The Decision Matrix: How to Prioritize What Matters
Inconsequential decisions are the perfect training ground to develop judgment.
SIMILAR ARTICLES & IDEAS:
Before making a decision, considers how you’ll feel about this decision in 10 minutes, 10 months, and 10 years.
It’s easy to make short-term decisions that may be beneficial 10 minutes or 10 months from now, but these types of decisions usually don’t benefit us in the long-term. What’s harder is to make decisions that may not appear attractive or impactful in the short-term, but over time can have a positive impact in your life.
In anything we do, there’s always ~20% of activities that will deliver 80% of our desired results.
It’s easy to be wrapped up in ‘busy’ work without ever getting anything done. Pareto’s Law is a useful mental model to be more effective, rather than just be efficient.
Work expands so as to fill the time available for its completion. So try placing artificial time limitations.
If we’re given three hours to complete a task that normally would take an hour, we’ll find a way to fill those three hours. However, when we’re down to the final thirty minutes, we’re suddenly feeling the pressure to get things done.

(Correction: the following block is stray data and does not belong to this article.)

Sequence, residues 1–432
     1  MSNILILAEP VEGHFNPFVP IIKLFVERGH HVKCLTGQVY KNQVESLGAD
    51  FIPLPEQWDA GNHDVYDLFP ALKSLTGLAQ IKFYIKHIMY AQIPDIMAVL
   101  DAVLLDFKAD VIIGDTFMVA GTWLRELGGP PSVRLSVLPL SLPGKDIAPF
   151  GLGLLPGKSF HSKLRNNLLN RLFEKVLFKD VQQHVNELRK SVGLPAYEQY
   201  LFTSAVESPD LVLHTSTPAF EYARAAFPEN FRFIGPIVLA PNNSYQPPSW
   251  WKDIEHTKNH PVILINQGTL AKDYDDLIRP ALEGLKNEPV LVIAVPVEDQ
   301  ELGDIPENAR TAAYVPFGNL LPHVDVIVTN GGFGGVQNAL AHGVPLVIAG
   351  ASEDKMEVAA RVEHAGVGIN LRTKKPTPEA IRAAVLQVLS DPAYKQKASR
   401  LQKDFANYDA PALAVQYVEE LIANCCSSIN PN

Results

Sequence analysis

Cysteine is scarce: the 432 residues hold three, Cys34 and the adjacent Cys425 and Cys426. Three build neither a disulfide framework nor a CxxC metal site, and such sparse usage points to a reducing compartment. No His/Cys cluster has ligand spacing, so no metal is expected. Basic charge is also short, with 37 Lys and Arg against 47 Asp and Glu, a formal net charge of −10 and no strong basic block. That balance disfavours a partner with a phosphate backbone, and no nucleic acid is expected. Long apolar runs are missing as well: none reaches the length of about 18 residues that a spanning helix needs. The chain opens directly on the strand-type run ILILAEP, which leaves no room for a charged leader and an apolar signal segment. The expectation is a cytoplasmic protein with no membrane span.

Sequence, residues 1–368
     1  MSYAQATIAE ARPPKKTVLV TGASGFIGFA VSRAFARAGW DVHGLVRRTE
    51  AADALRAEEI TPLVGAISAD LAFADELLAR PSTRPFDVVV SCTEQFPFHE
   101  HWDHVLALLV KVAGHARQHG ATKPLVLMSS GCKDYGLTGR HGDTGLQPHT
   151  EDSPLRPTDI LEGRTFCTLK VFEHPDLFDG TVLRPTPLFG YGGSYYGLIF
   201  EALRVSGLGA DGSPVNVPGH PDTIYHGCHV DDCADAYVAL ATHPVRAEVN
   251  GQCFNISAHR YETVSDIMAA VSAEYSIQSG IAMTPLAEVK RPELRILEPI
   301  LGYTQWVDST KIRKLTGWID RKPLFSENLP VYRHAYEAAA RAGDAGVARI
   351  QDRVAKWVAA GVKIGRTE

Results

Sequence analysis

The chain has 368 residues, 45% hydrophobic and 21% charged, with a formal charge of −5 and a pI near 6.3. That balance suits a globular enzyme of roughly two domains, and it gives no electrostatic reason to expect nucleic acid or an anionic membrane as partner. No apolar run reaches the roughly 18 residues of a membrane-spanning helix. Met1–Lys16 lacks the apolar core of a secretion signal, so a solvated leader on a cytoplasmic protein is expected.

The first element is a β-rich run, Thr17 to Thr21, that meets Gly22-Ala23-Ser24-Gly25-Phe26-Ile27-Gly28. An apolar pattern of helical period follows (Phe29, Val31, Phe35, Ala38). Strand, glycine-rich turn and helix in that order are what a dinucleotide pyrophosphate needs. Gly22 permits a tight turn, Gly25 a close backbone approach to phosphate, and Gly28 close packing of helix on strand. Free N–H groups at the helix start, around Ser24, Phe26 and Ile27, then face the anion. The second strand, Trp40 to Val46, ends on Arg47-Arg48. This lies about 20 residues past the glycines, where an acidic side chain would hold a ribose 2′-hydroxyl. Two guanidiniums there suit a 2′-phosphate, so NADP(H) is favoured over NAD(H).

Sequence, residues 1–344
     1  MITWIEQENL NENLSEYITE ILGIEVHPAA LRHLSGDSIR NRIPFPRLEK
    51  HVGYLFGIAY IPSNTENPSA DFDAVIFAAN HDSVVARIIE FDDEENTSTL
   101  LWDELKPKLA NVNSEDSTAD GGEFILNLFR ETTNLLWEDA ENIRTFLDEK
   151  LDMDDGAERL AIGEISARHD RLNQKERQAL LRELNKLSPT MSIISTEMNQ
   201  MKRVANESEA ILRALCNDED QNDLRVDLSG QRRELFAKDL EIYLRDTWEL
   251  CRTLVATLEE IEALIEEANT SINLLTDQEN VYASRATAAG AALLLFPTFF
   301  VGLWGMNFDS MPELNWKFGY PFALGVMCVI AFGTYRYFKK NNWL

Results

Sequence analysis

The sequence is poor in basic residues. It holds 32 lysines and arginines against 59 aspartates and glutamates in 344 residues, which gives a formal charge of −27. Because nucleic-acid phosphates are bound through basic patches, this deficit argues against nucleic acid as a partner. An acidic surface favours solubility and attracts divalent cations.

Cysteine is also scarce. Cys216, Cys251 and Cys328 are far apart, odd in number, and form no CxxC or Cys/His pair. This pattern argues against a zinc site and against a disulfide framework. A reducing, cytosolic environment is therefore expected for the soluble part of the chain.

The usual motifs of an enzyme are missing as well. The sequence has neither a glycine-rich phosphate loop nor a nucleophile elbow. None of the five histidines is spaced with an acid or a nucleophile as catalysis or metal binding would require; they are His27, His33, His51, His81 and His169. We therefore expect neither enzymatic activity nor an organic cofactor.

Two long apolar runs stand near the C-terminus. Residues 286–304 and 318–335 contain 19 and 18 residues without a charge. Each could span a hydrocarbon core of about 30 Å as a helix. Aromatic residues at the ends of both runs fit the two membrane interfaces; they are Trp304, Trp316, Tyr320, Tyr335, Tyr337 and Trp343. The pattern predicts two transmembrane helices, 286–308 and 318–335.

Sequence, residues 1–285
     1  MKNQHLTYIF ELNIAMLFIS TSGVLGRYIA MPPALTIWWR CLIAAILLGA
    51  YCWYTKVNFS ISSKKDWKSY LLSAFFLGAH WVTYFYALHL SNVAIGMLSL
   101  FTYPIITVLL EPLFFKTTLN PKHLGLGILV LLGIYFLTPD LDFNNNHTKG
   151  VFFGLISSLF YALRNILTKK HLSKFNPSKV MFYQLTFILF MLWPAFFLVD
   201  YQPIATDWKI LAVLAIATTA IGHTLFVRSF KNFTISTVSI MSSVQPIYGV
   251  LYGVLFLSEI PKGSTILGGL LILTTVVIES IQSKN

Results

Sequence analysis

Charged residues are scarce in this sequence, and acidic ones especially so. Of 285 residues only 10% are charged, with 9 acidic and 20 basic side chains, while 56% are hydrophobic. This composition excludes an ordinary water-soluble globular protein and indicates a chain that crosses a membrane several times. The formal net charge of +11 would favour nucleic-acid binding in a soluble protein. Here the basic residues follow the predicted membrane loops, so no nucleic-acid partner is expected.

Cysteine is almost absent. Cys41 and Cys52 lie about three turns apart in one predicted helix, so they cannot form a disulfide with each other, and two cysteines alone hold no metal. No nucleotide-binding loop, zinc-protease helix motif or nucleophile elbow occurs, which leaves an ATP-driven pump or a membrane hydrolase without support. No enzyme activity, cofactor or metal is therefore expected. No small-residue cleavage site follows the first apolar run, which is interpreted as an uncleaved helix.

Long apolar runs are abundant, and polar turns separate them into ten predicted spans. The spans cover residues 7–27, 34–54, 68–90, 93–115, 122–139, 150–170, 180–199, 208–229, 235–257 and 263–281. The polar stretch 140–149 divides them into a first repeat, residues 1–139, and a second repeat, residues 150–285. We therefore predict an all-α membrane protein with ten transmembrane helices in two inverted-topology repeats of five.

Think outside yourself a little and pretend like you're offering advice.
The reasoning here is really simple: your short-term emotions get in the way of decisions, and that clouds your judgment. It's hard to break free of your emotions, but it helps to know they affect your choices.
We usually believe that the more information you have, the better decisions we can make. However, at some point, we cross a threshold where we have too much information. That's when we start to fill in gaps and add weight to information that doesn't matter.
This makes decision making way more difficult.
You're so prone to continue making the same kind of choices throughout your life that challenging yourself and doing the exact opposite is often the best way to get around this problem.
The idea here is to confront your default behavior, step outside your comfort zone, and use your imagination to test some completely new ideas.
The metaphor is as follows: Imagine a financial committee meeting to discuss a three-point agenda.
The committee normally ends up running through the nuclear power plant proposal in little time because it's too advanced to really get into it.
The bike shed proposal takes much longer as everyone knows what it is and has an opinion that they want to air about it.
As the committee moves on to the coffee budget, suddenly everyone is an expert. _Before anyone realizes, they spend longer discussing the £21 coffee budget than the power plant and the bike shed combined.
The simpler a topic, the more people will have an opinion about it. However, when we mostly understand a topic, we feel compelled to say something, lest we look foolish.
With any topic, we should seek out the inputs from those who have done the work to have an opinion. If we want to contribute, it should be something valuable that will improve the outcome of the decision.